This policy revisions reinforce that the DOJ is focused on prosecution culpable individuals.  Indeed, Deputy Attorney General Rosenstein noted that “[i]t makes sense to treat corporations differently than individuals, because corporate liability is vicarious; it is only derivative of individual liability.”

While the DOJ appears to have made it even easier for companies to insulate themselves from liability if they turn over the individual bad actors, there are still many difficult decisions to be made by companies contemplating self-disclosure. Each of the requirements for unlocking the benefits of corporate disclosure – voluntary disclosure, full cooperation, and appropriate remediation – have specific criteria and pose nuanced questions for executives and directors to consider.

First, under the revised FCPA enforcement policy, the self-disclosures must be genuinely voluntary (i.e., prior to the “imminent threat” of disclosure or government investigation) and must be made within a “reasonably prompt time” after discovery of the violation.  This creates some potential issues for directors and officers who may learn of potential violations and seek to conduct an internal investigation to gather more information.  The policy revisions do not further define an “imminent threat” or “reasonably prompt” period, but company must be aware that protected investigations may jeopardize their ability to make an effective voluntary disclosure.

Second, full cooperation may be onerous.  Although the policy revisions do not contain an exhaustive list of the types of cooperation that the DOJ will expect, it does instruct that companies should “proactively” disclose all relevant facts and evidence.  Accordingly, companies must determine the appropriate scope of their disclosures (and may need to do so even if an internal investigation is not complete because concerns regarding the timeliness of the disclosure have arisen).  Moreover, the instruction that the companies take a proactive approach to disclosures appears to add additional pressure on companies to make broad disclosure (but not data dumps which could frustrate DOJ investigations) or risk failing to meet the full cooperation criterion.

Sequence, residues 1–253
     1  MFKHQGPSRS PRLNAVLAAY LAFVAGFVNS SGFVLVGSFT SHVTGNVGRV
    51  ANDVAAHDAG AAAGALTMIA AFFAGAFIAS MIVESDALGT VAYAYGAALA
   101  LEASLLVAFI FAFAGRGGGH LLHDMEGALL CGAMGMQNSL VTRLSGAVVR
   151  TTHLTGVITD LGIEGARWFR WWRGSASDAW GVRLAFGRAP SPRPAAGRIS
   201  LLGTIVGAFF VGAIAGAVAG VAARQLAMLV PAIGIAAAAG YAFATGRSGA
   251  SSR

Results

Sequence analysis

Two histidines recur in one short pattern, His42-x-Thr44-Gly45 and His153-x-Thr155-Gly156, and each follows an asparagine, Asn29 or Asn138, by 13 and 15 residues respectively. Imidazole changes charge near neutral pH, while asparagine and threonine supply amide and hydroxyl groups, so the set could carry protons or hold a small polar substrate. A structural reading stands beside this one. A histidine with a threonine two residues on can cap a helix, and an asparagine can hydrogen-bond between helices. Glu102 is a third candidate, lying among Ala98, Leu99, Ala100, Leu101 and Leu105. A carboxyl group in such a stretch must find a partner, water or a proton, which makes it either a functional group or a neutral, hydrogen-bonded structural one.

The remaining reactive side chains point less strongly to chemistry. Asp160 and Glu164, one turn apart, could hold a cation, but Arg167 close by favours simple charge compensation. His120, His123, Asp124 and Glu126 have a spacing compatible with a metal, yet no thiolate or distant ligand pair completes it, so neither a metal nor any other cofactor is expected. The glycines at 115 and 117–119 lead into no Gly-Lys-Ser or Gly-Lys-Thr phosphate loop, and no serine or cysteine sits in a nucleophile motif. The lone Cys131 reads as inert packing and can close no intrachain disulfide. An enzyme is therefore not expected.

Third, remediation efforts must be genuinely aimed at and capable of correcting the source of the violation.  The DOJ acknowledges that there will be variances based on the size of the company and the nature of the underlying violation; however, companies should be prepared to commit necessary resources to develop and implement ethics and compliance programs that will demonstrably improve the company’s ability to stop future violations.

Finally, another condition that has been made permanent is the requirement that the company pay all disgorgement, forfeiture, and/or restitution in full.  Depending on the amount in question, the ability to pay in full may be a difficult practical issue for a company.  Nevertheless, as part of the gateway to non-prosecution, a company must address the issue and develop a strategy for obtaining the necessary funds as it approaches voluntary self-disclosure.

Robust compliance programs remain the critical first step for companies seeking eradicate FCPA violations from their corporate culture.  As Deputy Attorney General Rosenstein noted, criminals try to evade law enforcement, but must first evade internal controls and compliance programs, therefore, “[h]onest companies pose a meaningful deterrent to corruption.”  Fostering a culture of compliance, dedicating sufficient resources, and ensuring that compliance personnel have access to management and the board were all cited by Deputy Attorney General Rosenstein as hallmarks of effective compliance and should be at the core of any compliance program.

In a customs classification case, Chemtall, Inc. v. United States, the U.S. Court of Appeals for the Federal Circuit affirmed a U.S. Court of International Trade (“CIT”) ruling that the vinyl polymer acrylamide tertiary butyl sulfonic acid was properly classified under the Harmonized Tariff Schedule of the United States (“HTSUS”).

The Federal Circuit was called on to distinguish between “Amides” and “Other” in a heading of the HTSUS that covers amides, their derivatives and salts thereof. The case considered the appropriate duty rate for the product that Chemtall, Inc. (“Chemtall”) is importing.

The HTSUS is a hierarchical structure for describing all goods in trade for duty, quota, and statistical purposes. Goods are classified in accordance with the General and Additional U.S. Rules of Interpretation, starting at the 4-digit heading level to find the most specific provision and then moving to the subordinate categories. The United States International Trade Commission maintains and publishes the HTSUS. However, the Bureau of Customs and Border Protection of the Department of Homeland Security (“CBP”) is responsible for interpreting and enforcing the HTSUS.

The Federal Circuit affirmed the CIT determination that the chemical product of the plaintiff-appellant Chemtall, acrylamide tertiary butyl sulfonic acid, is not an amide, but rather is a derivative of an amide.